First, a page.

On Wed, Jan 7, 2009 at 21:49, J=F6rg Mittag <JoergWMittag / googlemail.com> w=
rote:
> Kornelius Kalnbach wrote:
>> Daniel Luz wrote:
>>> What I personally don't like about this is that it gives you a false
>>> sense of control. We still can't handle && and ||
>> the problem is short-circuit evaluation, I guess. this one should not
>> run the command:
>>
>>   false && `rm -rf .`
>>
>> it has to be part of the AST, and can't be changed at runtime. AFAIK,
>> you can't translate "a && b" into a method call in Ruby. they are more
>> like "and" and "or". the ternary operator (cond ? truecase : falsecase)
>> is another example - which is a shortcut for if-then-else. and you don't
>> want to redefine that ^^
>
> I was bored, so I went ahead and implemented it:
> <https://JoergWMittag.GitHub.Com/b001e/>.
>
> There is actually absolutely nothing original or hard about this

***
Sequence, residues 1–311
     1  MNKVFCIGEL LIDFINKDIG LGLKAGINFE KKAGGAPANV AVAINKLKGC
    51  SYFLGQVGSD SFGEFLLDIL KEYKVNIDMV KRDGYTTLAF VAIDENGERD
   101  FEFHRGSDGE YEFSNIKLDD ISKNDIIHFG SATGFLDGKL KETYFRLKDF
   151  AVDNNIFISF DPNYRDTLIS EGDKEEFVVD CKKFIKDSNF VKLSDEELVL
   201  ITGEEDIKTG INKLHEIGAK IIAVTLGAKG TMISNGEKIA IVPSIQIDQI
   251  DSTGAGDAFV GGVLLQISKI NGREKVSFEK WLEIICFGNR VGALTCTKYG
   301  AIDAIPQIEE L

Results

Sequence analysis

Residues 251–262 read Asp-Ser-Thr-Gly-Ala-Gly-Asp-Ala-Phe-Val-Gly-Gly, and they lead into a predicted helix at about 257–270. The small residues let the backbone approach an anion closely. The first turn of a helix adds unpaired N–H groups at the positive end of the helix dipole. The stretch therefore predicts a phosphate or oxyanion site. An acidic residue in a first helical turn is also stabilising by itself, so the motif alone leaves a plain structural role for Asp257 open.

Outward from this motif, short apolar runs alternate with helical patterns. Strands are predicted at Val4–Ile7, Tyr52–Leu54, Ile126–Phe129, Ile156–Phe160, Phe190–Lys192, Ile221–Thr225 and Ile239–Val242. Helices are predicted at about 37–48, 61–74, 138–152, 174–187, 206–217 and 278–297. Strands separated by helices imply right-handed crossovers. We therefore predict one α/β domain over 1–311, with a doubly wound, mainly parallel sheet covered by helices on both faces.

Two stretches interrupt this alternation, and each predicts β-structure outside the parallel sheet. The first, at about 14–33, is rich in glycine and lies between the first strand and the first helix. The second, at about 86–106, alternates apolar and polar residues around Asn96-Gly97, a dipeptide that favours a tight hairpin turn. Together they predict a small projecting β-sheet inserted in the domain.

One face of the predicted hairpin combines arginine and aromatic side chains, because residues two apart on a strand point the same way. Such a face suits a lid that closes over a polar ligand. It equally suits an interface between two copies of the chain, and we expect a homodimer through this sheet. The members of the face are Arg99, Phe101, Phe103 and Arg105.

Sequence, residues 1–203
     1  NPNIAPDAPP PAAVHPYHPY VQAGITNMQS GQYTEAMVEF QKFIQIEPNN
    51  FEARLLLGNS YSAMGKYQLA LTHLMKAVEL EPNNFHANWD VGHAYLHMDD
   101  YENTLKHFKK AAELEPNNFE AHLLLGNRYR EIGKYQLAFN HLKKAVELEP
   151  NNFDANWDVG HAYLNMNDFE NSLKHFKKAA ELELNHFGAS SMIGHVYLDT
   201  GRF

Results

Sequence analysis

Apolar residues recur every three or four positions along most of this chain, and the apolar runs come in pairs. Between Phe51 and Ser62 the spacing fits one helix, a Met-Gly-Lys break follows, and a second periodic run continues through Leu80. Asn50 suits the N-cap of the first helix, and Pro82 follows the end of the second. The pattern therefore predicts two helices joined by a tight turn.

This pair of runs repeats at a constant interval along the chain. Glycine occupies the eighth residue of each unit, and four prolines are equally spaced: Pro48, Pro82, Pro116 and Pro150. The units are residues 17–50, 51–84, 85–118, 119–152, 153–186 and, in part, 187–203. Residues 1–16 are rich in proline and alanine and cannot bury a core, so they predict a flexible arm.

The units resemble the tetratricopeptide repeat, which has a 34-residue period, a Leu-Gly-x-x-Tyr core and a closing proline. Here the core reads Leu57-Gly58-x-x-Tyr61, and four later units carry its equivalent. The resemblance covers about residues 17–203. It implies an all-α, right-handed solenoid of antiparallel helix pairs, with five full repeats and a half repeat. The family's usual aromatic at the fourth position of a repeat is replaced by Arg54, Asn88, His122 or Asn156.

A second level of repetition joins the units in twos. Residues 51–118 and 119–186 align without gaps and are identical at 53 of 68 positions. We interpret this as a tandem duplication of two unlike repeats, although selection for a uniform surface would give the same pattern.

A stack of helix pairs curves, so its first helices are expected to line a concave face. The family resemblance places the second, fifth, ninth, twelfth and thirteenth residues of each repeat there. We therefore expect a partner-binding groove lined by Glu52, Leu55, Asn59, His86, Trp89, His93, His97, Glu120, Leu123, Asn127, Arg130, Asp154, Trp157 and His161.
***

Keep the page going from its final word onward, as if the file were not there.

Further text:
We're going way off the original topic, but actually, there is: make
it as efficient as what we have today :)

I'm well aware you can simulate a lot of this behavior with what the
language has today, but it's like removing conditional, loop and
declaration syntax in favor of using exclusively method calls with
blocks: possible as a fun experiment, not really feasible with the
current language semantics and implementations, unless you don't care
about performance.

I know Ruby is not about raw speed, but still, there are various kinds
of sacrifices of "freedom" that are quite small compared to the speed
and memory gains we can get. I personally don't care losing the
ability to redefine the language's boolean logic, if that means very
efficient bytecode (and very straightforward conversion to native code
in this regard).

Then again, my point a couple messages ago was that unless we go this
way and give more freedom on the boolean operators, being able to
redefine "!" alone would be a pretty leaky abstraction. I really like
the cleverness of stuff like Ambition[1], but I personally prefer the
analysis of blocks (via AST, bytecode or whatever) over faking through
method_missing hacks and failing the moment you introduce an "&&" on
your expression.

[1] http://defunkt.github.com/ambition/

--
Daniel